Dog breeder cries foul over planners’ decision

Westwoodside dog breeder Julia Smith, 41, with one of her imported stud dogs Houdini, pictured outside the indoor kennels.  Picture: Liz Mockler E1400LM
Westwoodside dog breeder Julia Smith, 41, with one of her imported stud dogs Houdini, pictured outside the indoor kennels. Picture: Liz Mockler E1400LM

THE UK’s first licensed breeder of a rare dog says she faces being put out of business after planners refused permission for her kennels.

Julia Smith says she now faces having to support her family on benefits following the decision by planning chiefs to reject an application for her to be able sell Coton de Tulears dogs from her home in Westwoodside.

Mrs Smith, of Nethergate, has bred dogs from her home for several years. She had applied for change of use so she could sell Coton de Tulears for up to £1,600 a puppy.

But planners rejected her application after a meeting was told there had been problems with increased noise levels and her home was not suitable for a breeding operation involving up to 30 dogs.

In her impassioned plea, Mrs Smith, told a North Lincolnshiore Council planning meeting that the dogs were the only source of income to support her and her two boys.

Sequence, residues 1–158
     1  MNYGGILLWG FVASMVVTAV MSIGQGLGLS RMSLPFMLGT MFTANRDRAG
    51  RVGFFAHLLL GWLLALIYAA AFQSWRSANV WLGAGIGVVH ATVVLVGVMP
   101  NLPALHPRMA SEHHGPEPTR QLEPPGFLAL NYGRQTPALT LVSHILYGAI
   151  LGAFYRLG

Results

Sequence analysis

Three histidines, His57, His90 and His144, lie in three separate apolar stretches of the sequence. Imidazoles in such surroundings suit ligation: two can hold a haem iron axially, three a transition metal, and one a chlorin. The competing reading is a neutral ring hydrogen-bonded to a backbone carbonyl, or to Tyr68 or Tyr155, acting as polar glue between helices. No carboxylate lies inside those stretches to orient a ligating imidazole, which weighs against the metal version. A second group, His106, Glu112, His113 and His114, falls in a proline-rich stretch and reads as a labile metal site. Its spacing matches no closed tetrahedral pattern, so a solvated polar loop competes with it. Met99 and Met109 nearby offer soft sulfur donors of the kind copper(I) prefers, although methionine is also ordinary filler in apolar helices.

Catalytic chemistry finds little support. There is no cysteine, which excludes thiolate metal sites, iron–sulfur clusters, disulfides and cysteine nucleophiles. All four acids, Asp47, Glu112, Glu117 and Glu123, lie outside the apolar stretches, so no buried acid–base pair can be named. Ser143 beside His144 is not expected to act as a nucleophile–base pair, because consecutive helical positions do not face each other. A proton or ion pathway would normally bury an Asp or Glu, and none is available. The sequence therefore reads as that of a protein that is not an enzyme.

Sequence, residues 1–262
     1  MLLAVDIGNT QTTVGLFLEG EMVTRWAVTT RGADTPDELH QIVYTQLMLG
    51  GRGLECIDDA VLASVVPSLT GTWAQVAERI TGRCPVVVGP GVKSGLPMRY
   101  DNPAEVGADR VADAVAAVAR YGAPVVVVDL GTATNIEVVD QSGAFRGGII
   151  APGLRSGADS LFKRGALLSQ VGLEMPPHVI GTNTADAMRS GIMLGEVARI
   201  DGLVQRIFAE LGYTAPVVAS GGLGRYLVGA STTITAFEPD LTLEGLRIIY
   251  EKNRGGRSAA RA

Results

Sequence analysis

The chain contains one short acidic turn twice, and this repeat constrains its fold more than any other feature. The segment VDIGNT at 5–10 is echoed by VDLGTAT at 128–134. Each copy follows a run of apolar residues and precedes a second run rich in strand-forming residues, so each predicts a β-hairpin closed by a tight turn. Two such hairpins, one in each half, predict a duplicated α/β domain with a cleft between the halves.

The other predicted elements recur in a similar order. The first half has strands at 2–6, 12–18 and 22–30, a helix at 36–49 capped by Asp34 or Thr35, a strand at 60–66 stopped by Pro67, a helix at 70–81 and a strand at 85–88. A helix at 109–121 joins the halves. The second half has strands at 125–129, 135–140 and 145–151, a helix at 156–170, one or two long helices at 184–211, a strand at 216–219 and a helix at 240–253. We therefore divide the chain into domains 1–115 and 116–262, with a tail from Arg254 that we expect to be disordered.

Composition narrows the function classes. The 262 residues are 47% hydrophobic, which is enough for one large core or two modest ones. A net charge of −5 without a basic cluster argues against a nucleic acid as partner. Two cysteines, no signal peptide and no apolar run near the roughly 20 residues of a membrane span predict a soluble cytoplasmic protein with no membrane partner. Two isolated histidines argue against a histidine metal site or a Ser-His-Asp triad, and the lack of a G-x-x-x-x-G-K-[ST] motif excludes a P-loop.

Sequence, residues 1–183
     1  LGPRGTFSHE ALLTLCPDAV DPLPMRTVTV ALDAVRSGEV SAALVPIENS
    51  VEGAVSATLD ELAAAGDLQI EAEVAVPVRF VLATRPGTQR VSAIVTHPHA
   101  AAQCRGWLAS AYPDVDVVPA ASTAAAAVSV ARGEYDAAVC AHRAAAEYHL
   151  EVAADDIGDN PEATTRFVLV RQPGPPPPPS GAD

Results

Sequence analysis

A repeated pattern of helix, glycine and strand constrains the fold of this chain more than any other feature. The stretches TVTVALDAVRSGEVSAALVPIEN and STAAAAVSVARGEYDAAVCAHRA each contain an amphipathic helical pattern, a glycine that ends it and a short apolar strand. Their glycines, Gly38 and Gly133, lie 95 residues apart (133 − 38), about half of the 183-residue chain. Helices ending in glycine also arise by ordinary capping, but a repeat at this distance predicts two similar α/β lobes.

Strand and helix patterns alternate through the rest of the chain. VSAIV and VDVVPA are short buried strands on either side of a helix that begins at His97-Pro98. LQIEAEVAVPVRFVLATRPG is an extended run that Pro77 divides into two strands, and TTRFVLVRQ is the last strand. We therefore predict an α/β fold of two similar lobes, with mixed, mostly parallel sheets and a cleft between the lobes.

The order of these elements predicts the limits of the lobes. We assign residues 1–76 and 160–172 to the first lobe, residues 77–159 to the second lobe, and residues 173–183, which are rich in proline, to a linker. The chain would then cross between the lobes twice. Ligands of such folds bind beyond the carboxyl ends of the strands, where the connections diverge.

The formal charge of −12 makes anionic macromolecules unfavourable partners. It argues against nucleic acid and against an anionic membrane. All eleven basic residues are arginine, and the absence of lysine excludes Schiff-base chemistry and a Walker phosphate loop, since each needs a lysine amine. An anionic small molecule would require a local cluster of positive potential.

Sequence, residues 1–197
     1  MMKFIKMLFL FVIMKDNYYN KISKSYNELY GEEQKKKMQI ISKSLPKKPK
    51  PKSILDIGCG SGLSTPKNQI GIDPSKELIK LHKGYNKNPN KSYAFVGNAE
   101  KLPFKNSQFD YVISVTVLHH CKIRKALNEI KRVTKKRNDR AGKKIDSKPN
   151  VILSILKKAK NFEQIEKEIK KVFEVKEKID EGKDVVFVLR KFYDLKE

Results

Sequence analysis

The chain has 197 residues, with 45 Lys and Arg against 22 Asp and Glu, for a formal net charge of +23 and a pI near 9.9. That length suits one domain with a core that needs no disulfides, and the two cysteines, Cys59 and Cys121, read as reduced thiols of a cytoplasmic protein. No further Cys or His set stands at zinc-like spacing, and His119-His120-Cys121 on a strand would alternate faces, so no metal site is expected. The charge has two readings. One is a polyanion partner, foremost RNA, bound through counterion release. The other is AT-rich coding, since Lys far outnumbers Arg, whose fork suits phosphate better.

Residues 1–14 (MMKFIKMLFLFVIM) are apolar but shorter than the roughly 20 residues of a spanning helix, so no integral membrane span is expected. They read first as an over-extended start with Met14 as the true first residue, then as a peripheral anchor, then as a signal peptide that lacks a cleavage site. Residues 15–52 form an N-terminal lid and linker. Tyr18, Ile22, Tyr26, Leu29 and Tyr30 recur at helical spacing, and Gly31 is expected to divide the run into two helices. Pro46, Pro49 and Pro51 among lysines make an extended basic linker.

The 41-year-old said: “It has taken me years to build these bloodlines, and if permission is refused I will lose everything. I don’t want to rely on benefits.

“Please don’t consider this as a standard business. I have lived here for ten years, and I am putting money into the local economy. The dogs I breed now are not the same sort of dogs that I used to have.”

Mrs Smith said the dogs she bred were very quiet and considered ideal for living in small spaces.

She told the meeting the kennels would have double-skinned walls and double glazing to reduce noise and the animals ‘seldom’ barked.

“The kennel would be in a different place on my three-acre premises, and the dogs won’t be heard outside,” she added.

Mrs Smith said that five of her closest neighbours were supportive of her plans, and pointed out that objections had come from further afield, perhaps from people who could hear the barking, but could not see where it was coming from.

“There are people in the village who seem to keep their dogs outside, with only a metal gate to keep them in, and they bark when people go past,” she said.

Planning permission for an earlier dog breeding business was refused in 2006, and the parish council was concerned that there had been a lack of enforcement action at the time. It objected to the latest application because of the previous set up.

Another objector said the constant yapping made sitting in the garden a ‘harrowing experience’, and it was claimed that noise levels had increased throughout the time that Mrs Smith had lived at the property.

Coun Ron Allcock, ward councillor of Axholme South, said the kennels had caused problems over a number of years.

He added: “There are still a lot of objections and I think it is unacceptable.

“There is still a noise abatement notice in force, and I take the view of the neighbours and support the officers in their recommendation to refuse permission.”

Seven members voted to refuse permission, with one abstention.